Being a busy wife and mom means that running takes a backseat to the husband and kids a LOT. For all of you running moms out there, you know what I mean. You plan when you run so meticulously–your nutrition schedule, your bathroom schedule, your wardrobe selection, your childcare…and then it happens. Life. A kid gets sick, plans suddenly change, husband needs you to run an emergency errand for him, work needs to be dealt with. And so, I put my scheduled run on hold to deal with life. Not grudgingly, though. I love my family, and I will always put them ahead of a run. But sometimes–momma needs her run.
My husband learned very quickly into my running (I’ve only been a runner for 10 years–since the birth of our first daughter) that if he wanted the “happy wife, happy life” mantra to stick, he needed to allow me time to run. In fact, he knows me so well by now, that he tells me to go for a run because he can see and hear and feel the tension in my being. So I run. I come home and life is better. Momma is happy again.
This weekend was especially tough. I’m starting a new training program, and I was hoping to run 12 miles on Saturday. The weather was rainy and cold and the Christmas tree HAD to be decorated, so I canceled my run. Then Sunday came with its perfect weather and free afternoon, and I thought I had my window of opportunity. But life happens. So no run for me. No afternoon candlelit hot yoga. No power nap, even.
So I start my week with a little more tension, a little more stress, a little less happy. To be honest, I’m jealous of all those non-married or non-children ladies out there who can just run whenever. It truly makes me feel conflicted. I love helping my family, but sometimes I want to escape the responsibility and go for a long run. That probably makes me sound like a horrible wife and mom. It’s why I’m so impressed when moms complete races.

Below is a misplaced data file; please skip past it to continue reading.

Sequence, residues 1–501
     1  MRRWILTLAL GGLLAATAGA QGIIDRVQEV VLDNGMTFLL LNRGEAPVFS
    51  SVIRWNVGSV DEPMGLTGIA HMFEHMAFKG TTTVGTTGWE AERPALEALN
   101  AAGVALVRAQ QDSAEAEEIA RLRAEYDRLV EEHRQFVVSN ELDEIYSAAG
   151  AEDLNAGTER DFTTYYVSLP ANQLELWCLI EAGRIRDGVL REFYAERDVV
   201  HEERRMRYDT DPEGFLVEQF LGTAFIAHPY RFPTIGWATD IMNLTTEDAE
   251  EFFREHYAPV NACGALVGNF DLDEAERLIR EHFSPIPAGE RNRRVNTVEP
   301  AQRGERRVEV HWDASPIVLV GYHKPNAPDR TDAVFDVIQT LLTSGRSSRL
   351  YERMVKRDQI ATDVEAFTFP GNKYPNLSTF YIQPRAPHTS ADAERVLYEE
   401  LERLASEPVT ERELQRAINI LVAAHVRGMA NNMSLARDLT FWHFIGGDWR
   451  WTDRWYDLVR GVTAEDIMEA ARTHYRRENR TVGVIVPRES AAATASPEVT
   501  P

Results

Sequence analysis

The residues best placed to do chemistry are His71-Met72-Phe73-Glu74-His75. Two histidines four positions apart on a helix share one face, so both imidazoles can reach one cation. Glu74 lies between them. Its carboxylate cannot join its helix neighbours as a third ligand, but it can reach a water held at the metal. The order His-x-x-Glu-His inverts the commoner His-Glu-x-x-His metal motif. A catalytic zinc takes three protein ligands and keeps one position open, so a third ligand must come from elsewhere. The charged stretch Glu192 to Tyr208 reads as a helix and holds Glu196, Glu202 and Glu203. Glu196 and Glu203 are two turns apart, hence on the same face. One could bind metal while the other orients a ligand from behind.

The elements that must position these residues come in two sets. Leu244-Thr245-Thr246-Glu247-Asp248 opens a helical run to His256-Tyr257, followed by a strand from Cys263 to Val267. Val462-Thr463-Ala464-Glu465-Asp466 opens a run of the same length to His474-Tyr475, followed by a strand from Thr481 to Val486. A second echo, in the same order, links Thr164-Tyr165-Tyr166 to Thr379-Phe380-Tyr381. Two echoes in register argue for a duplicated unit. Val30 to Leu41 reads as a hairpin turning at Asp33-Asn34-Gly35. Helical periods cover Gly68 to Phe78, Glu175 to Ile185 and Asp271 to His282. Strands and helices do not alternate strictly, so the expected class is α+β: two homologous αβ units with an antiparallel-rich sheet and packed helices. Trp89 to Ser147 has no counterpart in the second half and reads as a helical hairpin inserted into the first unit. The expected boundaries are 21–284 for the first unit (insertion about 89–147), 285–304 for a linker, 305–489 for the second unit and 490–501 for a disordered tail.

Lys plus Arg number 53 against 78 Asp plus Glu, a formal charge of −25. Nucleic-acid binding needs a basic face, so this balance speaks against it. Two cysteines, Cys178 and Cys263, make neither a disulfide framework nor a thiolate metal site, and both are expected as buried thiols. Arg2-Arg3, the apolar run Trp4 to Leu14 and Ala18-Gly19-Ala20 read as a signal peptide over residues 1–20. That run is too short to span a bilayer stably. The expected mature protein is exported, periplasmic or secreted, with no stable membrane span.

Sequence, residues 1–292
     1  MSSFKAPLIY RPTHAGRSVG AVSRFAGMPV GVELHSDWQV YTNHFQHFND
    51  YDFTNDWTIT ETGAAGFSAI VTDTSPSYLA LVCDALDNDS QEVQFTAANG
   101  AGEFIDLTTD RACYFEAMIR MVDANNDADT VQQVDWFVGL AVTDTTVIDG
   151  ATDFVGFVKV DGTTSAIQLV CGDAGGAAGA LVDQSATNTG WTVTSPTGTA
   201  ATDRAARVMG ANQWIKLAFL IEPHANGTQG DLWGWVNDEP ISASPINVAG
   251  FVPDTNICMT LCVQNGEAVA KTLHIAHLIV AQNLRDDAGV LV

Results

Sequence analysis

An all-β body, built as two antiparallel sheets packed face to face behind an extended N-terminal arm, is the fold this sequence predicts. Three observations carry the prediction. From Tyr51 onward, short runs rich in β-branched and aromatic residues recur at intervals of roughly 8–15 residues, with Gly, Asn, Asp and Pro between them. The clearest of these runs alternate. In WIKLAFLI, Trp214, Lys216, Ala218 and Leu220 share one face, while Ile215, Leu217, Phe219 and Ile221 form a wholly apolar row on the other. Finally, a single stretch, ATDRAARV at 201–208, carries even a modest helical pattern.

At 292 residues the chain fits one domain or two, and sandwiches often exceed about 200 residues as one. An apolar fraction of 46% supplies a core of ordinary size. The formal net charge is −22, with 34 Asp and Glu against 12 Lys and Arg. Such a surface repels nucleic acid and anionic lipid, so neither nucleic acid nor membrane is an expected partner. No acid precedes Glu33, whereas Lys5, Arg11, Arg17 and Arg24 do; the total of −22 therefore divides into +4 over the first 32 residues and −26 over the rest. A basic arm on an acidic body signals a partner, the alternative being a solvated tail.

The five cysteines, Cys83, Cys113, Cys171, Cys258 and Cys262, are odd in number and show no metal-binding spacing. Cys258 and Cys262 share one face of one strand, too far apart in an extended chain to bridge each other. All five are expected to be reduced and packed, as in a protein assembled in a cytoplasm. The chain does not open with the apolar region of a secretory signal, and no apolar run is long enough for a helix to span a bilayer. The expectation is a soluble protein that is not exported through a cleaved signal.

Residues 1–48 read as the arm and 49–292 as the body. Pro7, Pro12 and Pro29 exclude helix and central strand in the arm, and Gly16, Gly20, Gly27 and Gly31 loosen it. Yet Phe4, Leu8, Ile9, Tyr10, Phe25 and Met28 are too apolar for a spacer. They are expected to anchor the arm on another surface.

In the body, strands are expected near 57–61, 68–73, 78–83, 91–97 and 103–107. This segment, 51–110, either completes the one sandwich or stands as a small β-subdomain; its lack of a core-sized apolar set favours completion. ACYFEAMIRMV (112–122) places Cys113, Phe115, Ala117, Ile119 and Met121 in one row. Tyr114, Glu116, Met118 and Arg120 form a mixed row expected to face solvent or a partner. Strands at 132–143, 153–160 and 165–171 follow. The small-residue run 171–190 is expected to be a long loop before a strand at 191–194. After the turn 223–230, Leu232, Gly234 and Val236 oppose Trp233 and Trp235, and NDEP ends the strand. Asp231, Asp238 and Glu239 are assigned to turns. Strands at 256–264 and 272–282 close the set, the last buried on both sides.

Moms can’t always stick to a scheduled training regime. We can’t always get the nutrition just right. Sometimes we are literally running on goldfish crackers rather than protein shakes. And yet running moms compete in races with everyone else at the same level with the same expectations. We don’t get extra points for getting up at 4 am to run before the husband has to leave for work. We don’t get extra points for running during a kid’s naptime. We don’t get extra points because we can only run 2 days a week rather than 5 for optimum training. In fact, sometimes our runs are during a baseball practice or dance class. Maybe I’m just whining now.
And yet, as always, I don’t complain about missing my run. I gladly worked for 6 hours today to help our family business–it’s more important than my run. I will always compete, but my expectations are at my level. I might have missed a nice long run, but I’ll make it up. I might only be able to run 3 times this week, but I will also watch my daughter at her assembly; help my husband at work; run my kids to their activities; and watch my daughter play basketball. When you live in the middle, life happens. Then you run.
Wishing you a happy run this week,